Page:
Molluscs use thermodynamics to create complex morphologies with exceptional properties

An international team has found how some molluscs create their complex structures.

Their work provides new tools for novel bioinspired and biomimetic bottom-up material design.
Nature serves as a source of inspiration for scientists and engineers thanks to the complex material architectures that make up some living organisms. These materials carry out essential functions, ranging from structural support and mechanical strength, to optical, magnetic or sensing capabilities. One example of this are molluscan shells, made of mineralized tissues organised in mineral-organic hierarchical functional architectures.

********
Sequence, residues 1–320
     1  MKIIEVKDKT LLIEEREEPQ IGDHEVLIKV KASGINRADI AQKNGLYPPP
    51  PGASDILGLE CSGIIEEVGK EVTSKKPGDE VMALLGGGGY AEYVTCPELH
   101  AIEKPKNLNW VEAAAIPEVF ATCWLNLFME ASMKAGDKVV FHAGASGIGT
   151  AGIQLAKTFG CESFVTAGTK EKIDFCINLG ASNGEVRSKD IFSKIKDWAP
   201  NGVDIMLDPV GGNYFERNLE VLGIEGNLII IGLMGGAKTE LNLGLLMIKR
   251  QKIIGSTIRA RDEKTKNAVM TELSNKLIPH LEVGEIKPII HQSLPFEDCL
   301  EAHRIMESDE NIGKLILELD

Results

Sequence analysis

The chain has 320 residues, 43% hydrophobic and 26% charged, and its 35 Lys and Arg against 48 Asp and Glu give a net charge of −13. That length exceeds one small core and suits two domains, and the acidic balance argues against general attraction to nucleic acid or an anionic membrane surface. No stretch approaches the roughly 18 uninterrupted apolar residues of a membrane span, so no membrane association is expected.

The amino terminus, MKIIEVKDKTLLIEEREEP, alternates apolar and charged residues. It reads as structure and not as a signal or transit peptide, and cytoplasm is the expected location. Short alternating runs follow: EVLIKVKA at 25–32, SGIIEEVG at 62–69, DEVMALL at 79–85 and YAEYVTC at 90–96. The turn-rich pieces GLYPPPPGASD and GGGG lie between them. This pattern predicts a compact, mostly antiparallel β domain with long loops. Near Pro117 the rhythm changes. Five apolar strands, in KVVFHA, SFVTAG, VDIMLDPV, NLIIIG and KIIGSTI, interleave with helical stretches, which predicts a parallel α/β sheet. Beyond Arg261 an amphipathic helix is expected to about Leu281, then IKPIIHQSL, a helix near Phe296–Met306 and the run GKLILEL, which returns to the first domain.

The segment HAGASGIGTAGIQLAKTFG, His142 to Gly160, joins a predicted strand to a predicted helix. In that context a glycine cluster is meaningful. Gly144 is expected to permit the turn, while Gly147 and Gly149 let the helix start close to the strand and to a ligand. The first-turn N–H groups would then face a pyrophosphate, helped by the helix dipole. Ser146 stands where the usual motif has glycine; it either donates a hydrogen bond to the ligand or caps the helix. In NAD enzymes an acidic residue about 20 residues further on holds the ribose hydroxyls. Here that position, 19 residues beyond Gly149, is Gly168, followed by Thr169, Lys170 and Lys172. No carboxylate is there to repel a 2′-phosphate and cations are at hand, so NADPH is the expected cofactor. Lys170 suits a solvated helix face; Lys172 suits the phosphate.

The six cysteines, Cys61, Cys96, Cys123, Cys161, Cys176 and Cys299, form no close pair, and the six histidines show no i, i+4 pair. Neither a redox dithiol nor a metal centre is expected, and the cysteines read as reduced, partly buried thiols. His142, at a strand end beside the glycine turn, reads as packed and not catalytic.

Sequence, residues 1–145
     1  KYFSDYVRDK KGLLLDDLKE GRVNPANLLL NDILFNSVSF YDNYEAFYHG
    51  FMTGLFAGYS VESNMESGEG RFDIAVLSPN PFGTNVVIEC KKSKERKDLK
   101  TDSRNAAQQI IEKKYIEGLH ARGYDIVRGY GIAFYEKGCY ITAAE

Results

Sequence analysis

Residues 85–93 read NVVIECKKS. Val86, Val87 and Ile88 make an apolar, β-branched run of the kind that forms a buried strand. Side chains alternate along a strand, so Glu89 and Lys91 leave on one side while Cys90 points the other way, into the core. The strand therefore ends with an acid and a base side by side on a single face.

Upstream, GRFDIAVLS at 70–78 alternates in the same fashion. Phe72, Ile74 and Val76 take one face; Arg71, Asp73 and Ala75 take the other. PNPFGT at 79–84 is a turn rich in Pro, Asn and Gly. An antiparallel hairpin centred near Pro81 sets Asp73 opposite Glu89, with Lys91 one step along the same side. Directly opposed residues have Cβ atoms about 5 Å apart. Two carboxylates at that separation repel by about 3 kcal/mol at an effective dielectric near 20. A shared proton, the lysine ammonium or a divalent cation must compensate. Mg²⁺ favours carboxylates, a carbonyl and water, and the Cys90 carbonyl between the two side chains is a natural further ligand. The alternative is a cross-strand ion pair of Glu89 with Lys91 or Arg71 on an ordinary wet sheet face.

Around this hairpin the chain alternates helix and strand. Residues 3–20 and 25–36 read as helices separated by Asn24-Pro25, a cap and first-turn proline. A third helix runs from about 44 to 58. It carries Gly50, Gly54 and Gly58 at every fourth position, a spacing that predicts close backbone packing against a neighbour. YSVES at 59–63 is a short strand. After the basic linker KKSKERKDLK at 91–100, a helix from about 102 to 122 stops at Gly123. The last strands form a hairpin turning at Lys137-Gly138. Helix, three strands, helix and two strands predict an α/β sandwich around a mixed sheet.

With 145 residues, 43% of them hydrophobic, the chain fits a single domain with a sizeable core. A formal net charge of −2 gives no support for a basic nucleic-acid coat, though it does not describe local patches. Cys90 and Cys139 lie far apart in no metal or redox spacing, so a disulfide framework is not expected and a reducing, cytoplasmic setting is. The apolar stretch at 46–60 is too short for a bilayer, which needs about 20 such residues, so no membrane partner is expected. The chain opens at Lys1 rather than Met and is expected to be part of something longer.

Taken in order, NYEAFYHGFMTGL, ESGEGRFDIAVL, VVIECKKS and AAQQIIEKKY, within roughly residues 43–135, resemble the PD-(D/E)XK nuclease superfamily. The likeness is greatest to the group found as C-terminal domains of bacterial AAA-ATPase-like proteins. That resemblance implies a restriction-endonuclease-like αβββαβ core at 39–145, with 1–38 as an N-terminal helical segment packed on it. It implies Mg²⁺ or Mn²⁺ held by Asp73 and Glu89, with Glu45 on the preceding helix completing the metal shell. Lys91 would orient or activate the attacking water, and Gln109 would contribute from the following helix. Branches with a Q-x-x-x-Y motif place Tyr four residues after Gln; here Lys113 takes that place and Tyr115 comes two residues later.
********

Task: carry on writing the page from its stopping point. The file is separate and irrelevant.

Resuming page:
Molluscs appeared more than 500 million years ago, and they have developed hard and stiff mineralised outer shells for structural support and protection against predation. Their shells consist of mineral-organic composite structures made of calcium carbonates, mostly calcite and aragonite. The different shells exhibit a large variety of intricate three-dimensional assemblies with superior mechanical properties.

>Read more on the European Synchrotron website